context, to prove that a defendant acted with deliberate
indifference the plaintiff must show both “a purposeful
act or failure to respond to a prisoner's pain or
possible medical need and . . . harm caused by the
indifference.” Jett v. Penner, 439 F.3d 1091,
1096 (9th Cir. 2006). Deliberate indifference can be
“manifested by prison doctors in their response to the
prisoner's needs or by prison guards in intentionally
denying or delaying access to medical care or intentionally
interfering with the treatment once prescribed.”
Estelle, 429 U.S. at 104-05 (footnotes
omitted).Critical to the inquiry in this case, an Eighth
Amendment claim requires a plaintiff to satisfy “both
an objective standard-that the deprivation was serious enough
to constitute cruel and unusual punishment-and a subjective
standard-deliberate indifference.” Snow v.
McDaniel, 681 F.3d 978, 985 (9th Cir. 2012),
overruled in part on other grounds by Peralta v.
Dillard, 744 F.3d 1076 (9th Cir. 2014) (en banc). The
subjective prong of the deliberate indifference standard
“entails something more than mere negligence, [but] is
satisfied by something less than acts or omissions for the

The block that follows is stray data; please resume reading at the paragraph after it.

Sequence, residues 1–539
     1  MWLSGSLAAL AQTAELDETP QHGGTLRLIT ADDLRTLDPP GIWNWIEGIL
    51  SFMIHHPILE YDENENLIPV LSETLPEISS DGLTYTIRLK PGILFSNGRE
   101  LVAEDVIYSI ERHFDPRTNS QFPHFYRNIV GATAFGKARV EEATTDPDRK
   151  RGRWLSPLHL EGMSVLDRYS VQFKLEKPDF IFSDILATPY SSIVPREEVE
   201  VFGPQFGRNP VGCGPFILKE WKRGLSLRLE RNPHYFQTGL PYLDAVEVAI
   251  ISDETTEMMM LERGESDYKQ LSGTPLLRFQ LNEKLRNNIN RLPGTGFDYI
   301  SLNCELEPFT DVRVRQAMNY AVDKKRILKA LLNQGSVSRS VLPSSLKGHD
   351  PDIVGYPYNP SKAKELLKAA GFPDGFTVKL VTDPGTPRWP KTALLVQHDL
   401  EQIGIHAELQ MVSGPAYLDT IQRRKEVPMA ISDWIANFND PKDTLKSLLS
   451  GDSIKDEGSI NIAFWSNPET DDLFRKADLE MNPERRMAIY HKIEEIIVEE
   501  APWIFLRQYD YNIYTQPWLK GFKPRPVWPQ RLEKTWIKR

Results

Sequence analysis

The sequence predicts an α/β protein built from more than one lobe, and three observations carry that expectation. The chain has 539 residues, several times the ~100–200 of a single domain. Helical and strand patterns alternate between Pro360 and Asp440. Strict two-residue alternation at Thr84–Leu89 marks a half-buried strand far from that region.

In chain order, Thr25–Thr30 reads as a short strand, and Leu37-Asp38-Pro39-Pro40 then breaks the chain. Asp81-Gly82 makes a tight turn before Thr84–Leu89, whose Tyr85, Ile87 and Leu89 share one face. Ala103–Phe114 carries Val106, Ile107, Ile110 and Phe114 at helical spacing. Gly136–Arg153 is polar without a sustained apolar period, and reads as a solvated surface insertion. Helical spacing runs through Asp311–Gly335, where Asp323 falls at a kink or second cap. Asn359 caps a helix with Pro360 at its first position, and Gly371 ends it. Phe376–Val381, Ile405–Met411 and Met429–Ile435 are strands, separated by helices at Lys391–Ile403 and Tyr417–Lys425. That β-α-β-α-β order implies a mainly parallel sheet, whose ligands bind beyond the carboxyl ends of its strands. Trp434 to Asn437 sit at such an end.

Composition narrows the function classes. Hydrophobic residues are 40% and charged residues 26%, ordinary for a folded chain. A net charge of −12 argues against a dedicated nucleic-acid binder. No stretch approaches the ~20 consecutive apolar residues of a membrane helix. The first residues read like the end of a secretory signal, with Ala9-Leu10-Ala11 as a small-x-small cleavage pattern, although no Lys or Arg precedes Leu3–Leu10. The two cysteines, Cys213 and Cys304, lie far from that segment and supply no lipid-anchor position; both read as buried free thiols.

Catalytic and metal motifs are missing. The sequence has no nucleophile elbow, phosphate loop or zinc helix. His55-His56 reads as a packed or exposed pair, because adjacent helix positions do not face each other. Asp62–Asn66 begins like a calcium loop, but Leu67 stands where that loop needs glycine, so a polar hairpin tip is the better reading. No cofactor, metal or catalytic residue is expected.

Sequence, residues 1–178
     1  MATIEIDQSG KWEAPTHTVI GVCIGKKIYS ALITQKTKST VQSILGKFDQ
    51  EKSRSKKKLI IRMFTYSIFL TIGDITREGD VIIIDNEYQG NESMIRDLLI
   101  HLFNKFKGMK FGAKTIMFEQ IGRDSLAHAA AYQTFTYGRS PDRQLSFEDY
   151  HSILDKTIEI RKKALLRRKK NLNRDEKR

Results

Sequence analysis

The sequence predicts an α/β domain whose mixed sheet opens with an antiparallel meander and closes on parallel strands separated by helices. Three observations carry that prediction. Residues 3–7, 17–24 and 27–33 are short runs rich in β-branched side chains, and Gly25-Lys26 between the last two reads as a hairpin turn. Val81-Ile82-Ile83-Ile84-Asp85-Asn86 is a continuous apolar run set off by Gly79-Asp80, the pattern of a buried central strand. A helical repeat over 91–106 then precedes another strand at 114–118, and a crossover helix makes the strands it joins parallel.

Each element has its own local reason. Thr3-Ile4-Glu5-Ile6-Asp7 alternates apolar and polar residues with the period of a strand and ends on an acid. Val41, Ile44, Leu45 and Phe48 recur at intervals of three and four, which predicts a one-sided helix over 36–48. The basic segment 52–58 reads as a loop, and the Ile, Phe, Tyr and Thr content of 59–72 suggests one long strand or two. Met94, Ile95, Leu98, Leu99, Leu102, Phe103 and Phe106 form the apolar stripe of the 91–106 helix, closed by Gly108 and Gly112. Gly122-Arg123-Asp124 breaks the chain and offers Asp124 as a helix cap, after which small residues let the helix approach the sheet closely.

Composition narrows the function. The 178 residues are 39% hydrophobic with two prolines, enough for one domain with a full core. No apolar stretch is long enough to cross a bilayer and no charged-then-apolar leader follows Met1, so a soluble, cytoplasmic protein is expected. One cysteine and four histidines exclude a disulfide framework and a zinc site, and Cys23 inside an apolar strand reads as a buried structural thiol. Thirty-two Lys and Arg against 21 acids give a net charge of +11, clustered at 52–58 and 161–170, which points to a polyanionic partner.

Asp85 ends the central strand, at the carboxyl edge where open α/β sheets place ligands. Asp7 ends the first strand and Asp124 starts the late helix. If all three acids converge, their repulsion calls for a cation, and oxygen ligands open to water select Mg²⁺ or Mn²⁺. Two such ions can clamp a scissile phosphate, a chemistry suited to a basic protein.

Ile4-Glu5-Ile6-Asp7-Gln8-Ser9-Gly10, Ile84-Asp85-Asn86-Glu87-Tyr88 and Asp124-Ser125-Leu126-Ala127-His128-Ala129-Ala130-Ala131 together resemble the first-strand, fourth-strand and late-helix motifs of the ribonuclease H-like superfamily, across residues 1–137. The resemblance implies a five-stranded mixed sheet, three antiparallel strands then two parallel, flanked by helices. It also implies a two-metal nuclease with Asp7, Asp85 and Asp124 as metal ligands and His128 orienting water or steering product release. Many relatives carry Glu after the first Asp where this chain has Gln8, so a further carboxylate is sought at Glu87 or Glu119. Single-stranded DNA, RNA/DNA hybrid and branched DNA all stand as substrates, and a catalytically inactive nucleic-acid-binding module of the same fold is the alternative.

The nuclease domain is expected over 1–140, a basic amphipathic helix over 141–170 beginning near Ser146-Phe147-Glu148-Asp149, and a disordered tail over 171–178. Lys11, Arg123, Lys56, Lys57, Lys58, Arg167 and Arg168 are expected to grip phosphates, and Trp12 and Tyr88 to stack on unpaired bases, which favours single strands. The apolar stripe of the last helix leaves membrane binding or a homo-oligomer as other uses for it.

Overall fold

very purpose of causing harm or with knowledge that harm will
result.” Farmer v. Brennan, 511 U.S. 825, 835
(1994). “Under this standard, the prison official must
not only ‘be aware of facts from which the inference
could be drawn that a substantial risk of serious harm
exists, ' but that person ‘must also draw the
inference.'” Toguchi v. Chung, 391 F.3d
1051, 1057 (9th Cir. 2004) (quoting Farmer, 511 U.S.
at 837). “If a [prison official] should have been aware
of the risk, but was not, then the [official] has not
violated the Eighth Amendment, no matter how severe the
risk.” Gibson 290 F.3d at 1188. However,
“[w]hether a prison official had the requisite
knowledge of a substantial risk is a question of fact subject
to demonstration in the usual ways, including inference from
circumstantial evidence, . . . and a fact-finder may conclude
that a prison official knew of a substantial risk from the
very fact that the risk was obvious.” Farmer,
511 U.S. at 842; see also Lolli v. County of Orange,
351 F.3d 410, 421 (9th Cir. 2003) (“[D]eliberate
indifference to medical needs may be shown by circumstantial
evidence when the facts are sufficient to demonstrate that a
defendant actually knew of a risk of harm.”).
however, mere indifference, medical malpractice, or
negligence will not support a claim under the Eighth
Amendment. Broughton v. Cutter Labs., 622 F.2d 458,
460 (9th Cir. 1980) (per curiam). If medical personnel have
been “consistently responsive to [the inmate's]
medical needs, ” and there has been no showing that the
medical personnel had “subjective knowledge and
conscious disregard of a substantial risk of serious injury,
” there has been no Eighth Amendment violation.
Toguchi, 391 F.3d at 1061. Further, non-medical
personnel generally are entitled to rely on the opinions of
medical professionals with respect to the medical treatment
of an inmate. Even so, if “a reasonable person would
likely determine [the medical treatment] ...